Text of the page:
Haglund sang folk songs on the radio, and one of these was called “The Old Settler.” It was written by an Olympia lawyer, Francis Henry, and published in 1877. It ends like this:

“No longer the slave of ambition,

I laugh at the world and its shams

As I think of my pleasant condition,

Surrounded by acres of clams —

Surrounded by acres of cla-a-ams,

Surrounded by acres of clams,

A poor boy will never go hungry,

Surrounded by acres of clams!”

In other words, one could be as happy as a clam here. There are a number of different versions of the song, and the original had some objectionable lyrics. Haglund named his waterfront restaurant “Acres of Clams,” though he hardly gave up on ambition as an entrepreneur.

Ivar Haglund surrounded by acres of clams. (Ivars Restaurants)

The Olympia connection is interesting in a couple of ways. One is that in the 1860s, when the Washington Territory stretched as far east as Idaho, western Montana and a bit of Wyoming, political observers in the eastern parts felt a division of power between east and west. Today, people might complain about the Cascade east/west divide, but back in the day they grumbled about the politicos throwing their weight around in “clam country,” their epithet for Olympia-dominated politics.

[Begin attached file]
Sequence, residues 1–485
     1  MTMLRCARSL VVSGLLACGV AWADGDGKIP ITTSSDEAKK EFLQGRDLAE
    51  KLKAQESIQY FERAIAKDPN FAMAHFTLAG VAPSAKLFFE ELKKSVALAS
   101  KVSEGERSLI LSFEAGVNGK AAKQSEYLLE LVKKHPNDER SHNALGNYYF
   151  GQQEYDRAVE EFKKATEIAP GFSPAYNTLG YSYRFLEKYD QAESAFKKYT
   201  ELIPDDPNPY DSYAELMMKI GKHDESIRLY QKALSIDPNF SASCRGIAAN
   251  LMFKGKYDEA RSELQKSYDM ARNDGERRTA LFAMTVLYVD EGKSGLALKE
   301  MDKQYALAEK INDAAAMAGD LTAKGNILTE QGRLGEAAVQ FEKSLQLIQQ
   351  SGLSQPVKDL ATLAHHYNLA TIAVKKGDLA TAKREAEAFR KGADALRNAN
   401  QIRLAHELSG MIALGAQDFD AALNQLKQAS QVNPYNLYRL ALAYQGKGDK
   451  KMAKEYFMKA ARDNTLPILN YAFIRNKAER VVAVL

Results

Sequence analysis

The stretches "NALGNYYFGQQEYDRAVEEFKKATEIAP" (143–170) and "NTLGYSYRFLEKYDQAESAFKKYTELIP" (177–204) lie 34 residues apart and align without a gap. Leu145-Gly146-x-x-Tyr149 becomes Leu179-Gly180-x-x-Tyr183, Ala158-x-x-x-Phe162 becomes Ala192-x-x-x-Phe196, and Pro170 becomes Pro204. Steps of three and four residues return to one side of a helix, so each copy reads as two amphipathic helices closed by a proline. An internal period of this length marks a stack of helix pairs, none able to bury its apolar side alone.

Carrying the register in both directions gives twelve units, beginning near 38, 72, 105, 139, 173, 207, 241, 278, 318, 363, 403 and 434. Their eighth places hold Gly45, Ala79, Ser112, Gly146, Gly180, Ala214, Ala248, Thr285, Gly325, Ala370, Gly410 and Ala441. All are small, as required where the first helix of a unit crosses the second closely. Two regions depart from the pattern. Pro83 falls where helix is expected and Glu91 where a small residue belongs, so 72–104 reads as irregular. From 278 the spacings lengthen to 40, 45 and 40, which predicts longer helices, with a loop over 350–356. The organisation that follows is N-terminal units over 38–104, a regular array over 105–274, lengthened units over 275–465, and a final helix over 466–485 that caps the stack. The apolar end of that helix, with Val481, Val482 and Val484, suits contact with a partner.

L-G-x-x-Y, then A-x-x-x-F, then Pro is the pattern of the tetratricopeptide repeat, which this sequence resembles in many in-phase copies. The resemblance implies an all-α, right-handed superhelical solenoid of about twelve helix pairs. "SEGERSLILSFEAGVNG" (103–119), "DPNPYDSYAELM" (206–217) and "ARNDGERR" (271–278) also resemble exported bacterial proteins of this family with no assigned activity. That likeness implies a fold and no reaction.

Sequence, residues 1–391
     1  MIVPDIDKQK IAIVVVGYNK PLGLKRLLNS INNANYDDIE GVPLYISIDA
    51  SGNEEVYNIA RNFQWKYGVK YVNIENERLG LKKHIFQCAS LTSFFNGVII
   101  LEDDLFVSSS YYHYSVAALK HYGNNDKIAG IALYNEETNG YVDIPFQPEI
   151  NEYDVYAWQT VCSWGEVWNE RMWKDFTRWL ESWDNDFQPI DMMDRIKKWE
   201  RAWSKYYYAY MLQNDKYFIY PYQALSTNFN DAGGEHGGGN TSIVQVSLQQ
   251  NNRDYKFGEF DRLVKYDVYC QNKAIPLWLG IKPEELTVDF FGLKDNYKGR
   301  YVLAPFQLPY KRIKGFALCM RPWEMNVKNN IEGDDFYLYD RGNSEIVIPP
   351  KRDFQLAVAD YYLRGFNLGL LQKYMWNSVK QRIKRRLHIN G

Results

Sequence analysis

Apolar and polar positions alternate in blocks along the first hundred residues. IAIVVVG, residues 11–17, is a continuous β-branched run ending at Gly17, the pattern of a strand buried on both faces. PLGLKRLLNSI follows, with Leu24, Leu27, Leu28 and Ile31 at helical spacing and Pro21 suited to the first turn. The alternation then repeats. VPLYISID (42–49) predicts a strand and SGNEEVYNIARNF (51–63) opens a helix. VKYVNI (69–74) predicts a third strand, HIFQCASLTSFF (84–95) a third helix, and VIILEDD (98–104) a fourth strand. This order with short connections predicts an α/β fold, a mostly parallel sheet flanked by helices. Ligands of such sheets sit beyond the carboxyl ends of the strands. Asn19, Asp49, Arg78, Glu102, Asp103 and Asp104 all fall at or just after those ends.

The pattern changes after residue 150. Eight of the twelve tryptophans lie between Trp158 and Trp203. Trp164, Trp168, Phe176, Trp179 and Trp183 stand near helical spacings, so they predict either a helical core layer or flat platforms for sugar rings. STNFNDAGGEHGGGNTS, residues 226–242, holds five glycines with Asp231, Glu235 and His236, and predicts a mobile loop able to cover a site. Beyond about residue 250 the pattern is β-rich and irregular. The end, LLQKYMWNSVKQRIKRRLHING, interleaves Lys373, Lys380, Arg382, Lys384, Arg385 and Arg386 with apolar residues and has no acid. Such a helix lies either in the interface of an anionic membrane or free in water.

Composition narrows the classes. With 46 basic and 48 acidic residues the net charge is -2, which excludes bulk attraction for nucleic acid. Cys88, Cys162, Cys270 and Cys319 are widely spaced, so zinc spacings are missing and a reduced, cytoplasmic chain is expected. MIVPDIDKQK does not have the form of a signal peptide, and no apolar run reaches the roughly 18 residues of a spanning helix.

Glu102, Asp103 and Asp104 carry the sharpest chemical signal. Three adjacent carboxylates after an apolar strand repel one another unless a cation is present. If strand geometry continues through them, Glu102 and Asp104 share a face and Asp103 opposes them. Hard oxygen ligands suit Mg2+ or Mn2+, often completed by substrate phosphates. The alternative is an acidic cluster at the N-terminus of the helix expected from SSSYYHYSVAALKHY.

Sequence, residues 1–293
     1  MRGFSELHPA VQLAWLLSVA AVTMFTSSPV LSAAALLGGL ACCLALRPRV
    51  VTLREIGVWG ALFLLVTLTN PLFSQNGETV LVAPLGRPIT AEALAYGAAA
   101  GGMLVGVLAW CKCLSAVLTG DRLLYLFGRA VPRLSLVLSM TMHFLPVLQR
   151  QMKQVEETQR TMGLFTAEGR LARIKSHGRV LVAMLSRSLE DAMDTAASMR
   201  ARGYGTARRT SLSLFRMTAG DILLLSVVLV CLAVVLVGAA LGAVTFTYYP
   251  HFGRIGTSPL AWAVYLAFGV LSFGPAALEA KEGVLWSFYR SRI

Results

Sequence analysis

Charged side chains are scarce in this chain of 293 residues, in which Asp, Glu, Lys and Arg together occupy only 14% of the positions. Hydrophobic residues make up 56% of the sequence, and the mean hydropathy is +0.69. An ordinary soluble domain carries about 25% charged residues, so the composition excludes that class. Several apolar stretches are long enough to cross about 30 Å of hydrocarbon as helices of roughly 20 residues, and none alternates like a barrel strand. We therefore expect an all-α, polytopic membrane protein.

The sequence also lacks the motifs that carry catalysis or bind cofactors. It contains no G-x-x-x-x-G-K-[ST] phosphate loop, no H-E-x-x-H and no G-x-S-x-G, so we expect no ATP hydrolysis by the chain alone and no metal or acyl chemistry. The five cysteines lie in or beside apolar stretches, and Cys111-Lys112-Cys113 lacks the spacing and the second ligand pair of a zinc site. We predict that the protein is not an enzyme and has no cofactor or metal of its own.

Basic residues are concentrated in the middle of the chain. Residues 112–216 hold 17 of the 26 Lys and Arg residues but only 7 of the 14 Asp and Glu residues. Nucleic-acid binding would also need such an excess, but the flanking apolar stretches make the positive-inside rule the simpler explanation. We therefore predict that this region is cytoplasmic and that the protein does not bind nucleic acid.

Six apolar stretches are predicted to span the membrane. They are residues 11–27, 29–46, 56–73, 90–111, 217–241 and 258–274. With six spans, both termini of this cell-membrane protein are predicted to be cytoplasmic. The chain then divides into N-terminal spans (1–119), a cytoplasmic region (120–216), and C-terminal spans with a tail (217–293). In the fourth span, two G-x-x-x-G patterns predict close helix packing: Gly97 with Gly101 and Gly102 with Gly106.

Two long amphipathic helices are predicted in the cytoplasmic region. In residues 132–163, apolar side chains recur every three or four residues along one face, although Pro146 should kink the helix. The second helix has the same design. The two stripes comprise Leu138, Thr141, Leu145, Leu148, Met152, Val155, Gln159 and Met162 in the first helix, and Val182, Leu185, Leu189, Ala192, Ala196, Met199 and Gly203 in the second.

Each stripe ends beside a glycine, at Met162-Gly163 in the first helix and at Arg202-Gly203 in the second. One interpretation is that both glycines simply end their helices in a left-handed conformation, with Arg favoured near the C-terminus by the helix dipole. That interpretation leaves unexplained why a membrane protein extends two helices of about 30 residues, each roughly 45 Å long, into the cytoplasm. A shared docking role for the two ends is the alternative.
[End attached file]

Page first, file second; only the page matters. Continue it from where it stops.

And my college alma mater is The Evergreen State College in Olympia, whose founders named the geoduck as school mascot and the school motto is Omnia extares — translated as “Let it all hang out.” Which all made sense for what was launched as an alternative school in the 1960s.

No clam is more identifiable or as great a conversation piece than the geoduck, a Lushootseed word that relates to the clam’s prodigious digging abilities (it can go deep) and because of an appendage that cannot fit into its shell and can extend up to three feet. It is not a reproductive organ, by the way, but rather the clam’s “neck” through which it breaths and siphons sand and water. The geoduck is considered a delicacy and is used in sushi among other things.

And then there is chowder. In the Northwest, the popular version that caught on was creamy New England-style chowder — back in the day the region was not known for tomatoes, the basis of Manhattan-style clam chowder. Food historian Jacqueline Williams says by the 1880s New England-style chowder recipes began appearing in the first local cookbooks. Territorial cooks could reliably come by more ingredients, like flour, thanks to shipments from back East, and it’s a damp-weather, gut-warming tonic.

Men at a clambake in Fairfax, Wash., in the 1910s. (Washington State Historical Society)

Happy as a clam, quiet as a clam, “Keep Clam and Carry On.” Clams are the symbol of steady, contented existence. They’ve been feeding us for thousands of years — long after they attended our birth on a beach.

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About the Authors & Contributors

Knute Berger

Knute Berger

Knute “Mossback” Berger is Crosscut's Editor-at-Large.